Monday, 14 April 2008

Greedy farmers?

It was the Jeremy Vine show on Radio 2 last Wednesday and they were discussing the proposed badger cull in Wales to try and halt the spread of Bovine TB.

A listener called in to protest.

“I have compassion for all animals,” she declared. “The cull must not go ahead. Greedy farmers!”

Now I’m not going to argue here about the rights and wrongs of the badger cull. The Welsh Assembly has decided it needs to do a trial cull either here in South West Wales or on the border next to England. But what really brought me up short was the venom in the woman’s voice as she said: “Greedy farmers,” and the implication that she had compassion for animals, whereas farmers don’t.

Farmers have such bad PR don’t they? In addition to being ‘greedy’ they are ‘money grabbing’ or ‘cruel’.

I think the ills of today’s over-intensified food production systems were started by supermarkets, not farmers, and that was the mood of the talk last Tuesday night where the audience, of course, was stuffed full of farmers. I live in a rural area on a farm, surrounded by farms. I see no evidence of ‘factory farming’ around here. These are grassy hills and support extensive rather than intensive farming. Factory farming is a disease of the supermarket supplier, yes, and really refers to poultry and pigs, but the vast majority of farms are just trying to eke out a living in the face of a downturn in prices, and severe upturn in costs, all the while pilloried for being a farmer in the first place.

Supermarkets tell farmers what to produce and when. They agree contracts, arrange delivery dates and all too often reject the produce for some spurious reason. (Read ‘Tescopoly’ by Andrew Simms for more information on this, or ‘Shopped’ by Joanna Blythman.)

Some complain that farmers do not speak up when other jobs and industries are threatened, but quite probably the opinions of farmers were not considered important enough to report in the press. After all only 3% of people work in agriculture in this country now and farmers are only quoted about farming, not what they think about miners or car workers losing their jobs.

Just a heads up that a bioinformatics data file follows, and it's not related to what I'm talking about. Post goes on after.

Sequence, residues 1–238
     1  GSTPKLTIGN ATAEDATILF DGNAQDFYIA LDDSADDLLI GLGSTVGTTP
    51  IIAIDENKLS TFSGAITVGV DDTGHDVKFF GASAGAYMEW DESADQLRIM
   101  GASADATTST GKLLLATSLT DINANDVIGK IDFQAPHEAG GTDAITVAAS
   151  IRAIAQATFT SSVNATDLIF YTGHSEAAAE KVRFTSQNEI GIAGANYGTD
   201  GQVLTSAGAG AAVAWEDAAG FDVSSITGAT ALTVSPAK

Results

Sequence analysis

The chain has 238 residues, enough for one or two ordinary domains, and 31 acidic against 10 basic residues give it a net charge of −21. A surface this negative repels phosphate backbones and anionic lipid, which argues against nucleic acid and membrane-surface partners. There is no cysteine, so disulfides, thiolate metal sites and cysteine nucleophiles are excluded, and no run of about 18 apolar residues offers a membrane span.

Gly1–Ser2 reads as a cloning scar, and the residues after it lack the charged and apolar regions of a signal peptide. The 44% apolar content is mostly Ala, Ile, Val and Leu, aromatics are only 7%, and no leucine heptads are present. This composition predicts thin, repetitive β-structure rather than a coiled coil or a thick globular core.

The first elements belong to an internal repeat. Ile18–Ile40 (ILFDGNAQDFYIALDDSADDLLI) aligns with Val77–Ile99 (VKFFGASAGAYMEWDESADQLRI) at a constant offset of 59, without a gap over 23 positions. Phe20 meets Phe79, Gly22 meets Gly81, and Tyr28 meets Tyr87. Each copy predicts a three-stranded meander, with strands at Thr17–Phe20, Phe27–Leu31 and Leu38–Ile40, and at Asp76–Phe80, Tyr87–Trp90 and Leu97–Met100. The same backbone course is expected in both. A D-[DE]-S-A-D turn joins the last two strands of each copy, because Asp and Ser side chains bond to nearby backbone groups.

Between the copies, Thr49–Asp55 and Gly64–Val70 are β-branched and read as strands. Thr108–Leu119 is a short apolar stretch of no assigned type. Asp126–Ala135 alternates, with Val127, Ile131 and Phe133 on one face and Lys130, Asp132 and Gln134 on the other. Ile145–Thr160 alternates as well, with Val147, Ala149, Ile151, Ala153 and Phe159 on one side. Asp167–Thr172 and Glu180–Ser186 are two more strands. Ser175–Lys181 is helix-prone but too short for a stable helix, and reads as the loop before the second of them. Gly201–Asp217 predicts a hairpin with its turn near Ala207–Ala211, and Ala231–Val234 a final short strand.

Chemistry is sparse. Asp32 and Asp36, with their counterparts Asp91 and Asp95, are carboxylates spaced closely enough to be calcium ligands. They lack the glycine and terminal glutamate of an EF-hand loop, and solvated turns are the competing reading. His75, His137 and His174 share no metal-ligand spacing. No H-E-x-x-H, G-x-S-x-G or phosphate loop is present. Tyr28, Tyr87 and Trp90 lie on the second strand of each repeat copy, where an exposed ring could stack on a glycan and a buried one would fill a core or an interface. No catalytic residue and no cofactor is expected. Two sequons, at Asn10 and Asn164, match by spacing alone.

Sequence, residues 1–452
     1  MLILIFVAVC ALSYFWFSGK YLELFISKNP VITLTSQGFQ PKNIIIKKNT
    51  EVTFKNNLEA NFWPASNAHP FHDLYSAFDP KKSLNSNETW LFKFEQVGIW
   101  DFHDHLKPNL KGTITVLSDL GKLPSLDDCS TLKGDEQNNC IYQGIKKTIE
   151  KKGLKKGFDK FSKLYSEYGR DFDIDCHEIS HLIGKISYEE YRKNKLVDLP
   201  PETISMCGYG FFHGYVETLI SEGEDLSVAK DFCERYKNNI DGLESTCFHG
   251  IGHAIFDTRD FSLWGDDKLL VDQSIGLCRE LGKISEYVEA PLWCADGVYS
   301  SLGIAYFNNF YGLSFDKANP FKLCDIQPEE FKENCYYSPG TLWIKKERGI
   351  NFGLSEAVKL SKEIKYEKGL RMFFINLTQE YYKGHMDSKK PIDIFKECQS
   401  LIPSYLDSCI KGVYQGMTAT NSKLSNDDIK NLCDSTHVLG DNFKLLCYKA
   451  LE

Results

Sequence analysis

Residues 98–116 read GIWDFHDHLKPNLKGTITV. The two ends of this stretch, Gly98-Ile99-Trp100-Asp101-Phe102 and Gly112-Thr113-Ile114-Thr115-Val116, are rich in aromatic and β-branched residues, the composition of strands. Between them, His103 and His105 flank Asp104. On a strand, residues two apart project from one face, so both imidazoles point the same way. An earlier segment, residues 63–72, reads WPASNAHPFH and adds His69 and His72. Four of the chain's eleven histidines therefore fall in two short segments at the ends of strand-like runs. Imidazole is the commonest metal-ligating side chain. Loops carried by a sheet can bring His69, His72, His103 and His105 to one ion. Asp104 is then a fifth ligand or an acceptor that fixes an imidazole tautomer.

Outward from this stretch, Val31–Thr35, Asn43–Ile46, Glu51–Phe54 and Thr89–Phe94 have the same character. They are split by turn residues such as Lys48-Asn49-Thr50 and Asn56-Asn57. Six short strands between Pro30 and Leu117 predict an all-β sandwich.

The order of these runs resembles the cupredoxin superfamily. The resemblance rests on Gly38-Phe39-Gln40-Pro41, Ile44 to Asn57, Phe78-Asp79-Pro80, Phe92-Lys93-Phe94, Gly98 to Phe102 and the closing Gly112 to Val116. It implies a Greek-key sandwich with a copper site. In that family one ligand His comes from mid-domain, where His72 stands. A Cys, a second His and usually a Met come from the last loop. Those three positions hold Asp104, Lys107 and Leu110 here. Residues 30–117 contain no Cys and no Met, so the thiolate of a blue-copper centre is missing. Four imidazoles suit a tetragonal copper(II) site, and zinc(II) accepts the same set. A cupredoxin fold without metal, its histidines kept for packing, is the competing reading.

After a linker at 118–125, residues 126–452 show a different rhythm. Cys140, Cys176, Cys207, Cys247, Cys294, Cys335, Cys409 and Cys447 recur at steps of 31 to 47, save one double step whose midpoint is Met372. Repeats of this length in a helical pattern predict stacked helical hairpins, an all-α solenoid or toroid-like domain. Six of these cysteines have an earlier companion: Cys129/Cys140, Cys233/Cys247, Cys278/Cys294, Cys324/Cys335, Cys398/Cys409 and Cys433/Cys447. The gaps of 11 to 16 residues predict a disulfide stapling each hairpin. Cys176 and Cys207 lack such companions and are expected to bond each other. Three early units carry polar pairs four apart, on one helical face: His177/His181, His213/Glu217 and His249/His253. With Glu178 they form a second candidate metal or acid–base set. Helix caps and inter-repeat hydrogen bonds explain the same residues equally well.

It is awful when huge factories close down and steel workers, miners and car workers lose their jobs, but hopefully that is all they lose, and armies of advisers move into the area to assist them in finding new jobs. But they usually will have a home to go to when they are handed their P45s. When farmers lose their jobs they lose their homes too.

I live on a very small farm. It’s only 22 acres, but it is a business and it occasionally makes a profit when lamb prices are good. Right through the middle is a bridleway, as there are footpaths and rights of way on many other farms throughout the country. Imagine if I hopped onto a horse and clip clopped through the Dagenham Ford plant, perhaps telling the workers on the way that they were not doing their jobs properly? Yet people think it is their absolute right to do that with farms.

So what should farmers do to earn the respect of the people of Britain? I think it is something quite difficult for them to do when the media only reports the bad news (animals found dead or dying on a Northern Ireland farm, for example). There was that awful story about horses and ponies found in terrible conditions near Amersham. If we follow the tradition of tarring farmers all with the same brush, is it now safe to assume that all horse owners are cruel and heartless and leave their equines to starve to death?